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Birdman,
Until oil gets upto about 185 degrees F it tends not to flow well. It doesn't flow ito all the nooks and cranies in the bearing surfaces and will not be able to hold a load well. Many oils are designed to work best around 220 degrees F - this includes 5w-X and 0w-X oils.

The cam and tappet surfaces are extremely vulnerable to low temperature wear due to being oiled much later in the oiling system.

Also, the block temperature (engine water temp) changes the distortion in the cylinders by a fairly large amount when you compare temps at 50* F and 190* F.

I have a car where the ECU prevents the engine from revving very high until the engine gets above 165 degrees. This is for a good reason.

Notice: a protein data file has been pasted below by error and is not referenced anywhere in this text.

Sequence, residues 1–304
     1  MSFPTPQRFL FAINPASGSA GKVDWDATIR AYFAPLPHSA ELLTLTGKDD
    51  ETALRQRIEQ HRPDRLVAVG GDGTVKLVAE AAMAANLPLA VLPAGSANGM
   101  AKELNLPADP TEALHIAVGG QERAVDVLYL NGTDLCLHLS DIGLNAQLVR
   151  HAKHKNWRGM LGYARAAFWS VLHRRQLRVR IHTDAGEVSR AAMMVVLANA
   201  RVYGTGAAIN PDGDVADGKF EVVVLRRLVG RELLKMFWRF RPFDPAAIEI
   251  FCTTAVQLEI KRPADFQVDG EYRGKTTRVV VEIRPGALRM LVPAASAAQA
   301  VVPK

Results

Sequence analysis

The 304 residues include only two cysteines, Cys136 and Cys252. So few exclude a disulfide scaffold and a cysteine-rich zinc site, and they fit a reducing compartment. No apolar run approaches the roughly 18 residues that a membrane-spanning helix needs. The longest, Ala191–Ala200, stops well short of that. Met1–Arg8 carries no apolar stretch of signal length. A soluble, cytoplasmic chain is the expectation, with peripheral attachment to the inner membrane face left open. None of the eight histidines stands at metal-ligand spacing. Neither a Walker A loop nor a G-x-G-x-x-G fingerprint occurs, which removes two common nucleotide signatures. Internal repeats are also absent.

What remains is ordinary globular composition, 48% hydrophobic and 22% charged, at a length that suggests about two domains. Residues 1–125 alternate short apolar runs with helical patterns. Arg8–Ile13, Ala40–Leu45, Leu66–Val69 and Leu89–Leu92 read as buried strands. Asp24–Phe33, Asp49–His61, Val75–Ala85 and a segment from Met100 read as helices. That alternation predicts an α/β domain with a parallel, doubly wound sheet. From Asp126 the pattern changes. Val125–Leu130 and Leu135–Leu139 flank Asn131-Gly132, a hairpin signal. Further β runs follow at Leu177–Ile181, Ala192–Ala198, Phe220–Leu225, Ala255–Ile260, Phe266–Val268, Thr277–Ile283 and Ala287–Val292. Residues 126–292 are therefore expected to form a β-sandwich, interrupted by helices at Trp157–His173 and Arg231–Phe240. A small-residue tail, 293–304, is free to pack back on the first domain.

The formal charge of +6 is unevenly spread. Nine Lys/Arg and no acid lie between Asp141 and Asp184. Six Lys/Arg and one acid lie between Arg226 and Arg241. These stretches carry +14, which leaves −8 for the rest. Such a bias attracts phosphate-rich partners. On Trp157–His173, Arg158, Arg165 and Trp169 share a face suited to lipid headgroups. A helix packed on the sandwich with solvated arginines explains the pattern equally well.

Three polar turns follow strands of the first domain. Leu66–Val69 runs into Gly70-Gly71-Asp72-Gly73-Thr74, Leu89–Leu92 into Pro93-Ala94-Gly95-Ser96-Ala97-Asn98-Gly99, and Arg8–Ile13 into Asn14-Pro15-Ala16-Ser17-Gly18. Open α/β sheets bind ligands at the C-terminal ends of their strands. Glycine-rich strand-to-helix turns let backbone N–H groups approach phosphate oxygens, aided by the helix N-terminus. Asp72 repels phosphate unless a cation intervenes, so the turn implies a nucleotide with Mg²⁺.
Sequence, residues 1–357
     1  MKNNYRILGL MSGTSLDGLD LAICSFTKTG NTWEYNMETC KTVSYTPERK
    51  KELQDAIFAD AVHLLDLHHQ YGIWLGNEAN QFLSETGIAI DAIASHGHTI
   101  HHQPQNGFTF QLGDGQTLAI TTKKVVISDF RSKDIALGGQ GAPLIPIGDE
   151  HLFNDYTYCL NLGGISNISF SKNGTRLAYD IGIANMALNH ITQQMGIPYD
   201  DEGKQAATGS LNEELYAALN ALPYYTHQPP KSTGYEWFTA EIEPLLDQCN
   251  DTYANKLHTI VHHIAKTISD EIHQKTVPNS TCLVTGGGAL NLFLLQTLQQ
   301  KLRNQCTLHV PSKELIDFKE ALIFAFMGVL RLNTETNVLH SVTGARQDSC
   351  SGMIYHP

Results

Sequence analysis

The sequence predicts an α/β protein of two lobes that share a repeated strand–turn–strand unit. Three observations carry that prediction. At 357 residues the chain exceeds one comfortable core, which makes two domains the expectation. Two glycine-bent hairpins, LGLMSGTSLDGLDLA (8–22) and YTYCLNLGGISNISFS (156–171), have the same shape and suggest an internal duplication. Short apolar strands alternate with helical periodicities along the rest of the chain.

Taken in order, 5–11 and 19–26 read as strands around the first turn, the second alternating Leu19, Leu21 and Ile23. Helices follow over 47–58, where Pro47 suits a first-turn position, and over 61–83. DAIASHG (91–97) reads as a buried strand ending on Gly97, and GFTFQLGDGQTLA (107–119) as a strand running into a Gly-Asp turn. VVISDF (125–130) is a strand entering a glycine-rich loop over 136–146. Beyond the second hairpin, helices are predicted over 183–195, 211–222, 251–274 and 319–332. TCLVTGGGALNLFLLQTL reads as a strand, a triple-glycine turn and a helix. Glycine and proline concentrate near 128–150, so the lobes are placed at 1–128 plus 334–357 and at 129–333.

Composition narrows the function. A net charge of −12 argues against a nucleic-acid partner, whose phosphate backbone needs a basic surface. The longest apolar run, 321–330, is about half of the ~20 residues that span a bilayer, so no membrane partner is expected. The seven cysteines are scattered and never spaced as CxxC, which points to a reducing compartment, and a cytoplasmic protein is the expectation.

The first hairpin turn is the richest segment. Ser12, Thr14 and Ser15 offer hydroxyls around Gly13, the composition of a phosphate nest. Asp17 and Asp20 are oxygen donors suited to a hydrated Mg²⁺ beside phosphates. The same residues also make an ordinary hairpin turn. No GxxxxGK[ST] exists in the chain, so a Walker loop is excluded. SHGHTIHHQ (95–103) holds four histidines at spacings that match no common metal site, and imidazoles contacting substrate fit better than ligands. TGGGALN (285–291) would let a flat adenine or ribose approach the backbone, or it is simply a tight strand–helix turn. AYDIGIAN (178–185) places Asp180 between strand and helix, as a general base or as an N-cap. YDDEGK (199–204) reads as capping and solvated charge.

15 miles seems like a good idea, but you should go by the temp indicator on the bike. 4 bars is a good place, but in cooler outside temps, the oil will remain cool for quite a while. When it is really cold, you may evn want to put a cover over the oil cooler.

Use common sense and get as much information as possible.

I hope this helps.
 

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Your bike has a real gauge. the later ones have bars - not nearly as good for engine temp.

The oil stays fairly warm for a while. If you feel theoil cooler (carefully), you can get an idea of how warm the oil is, or isn't. But I like to take the outside temps into consideration and use engine temp to gauge when I can get on it hard.
 
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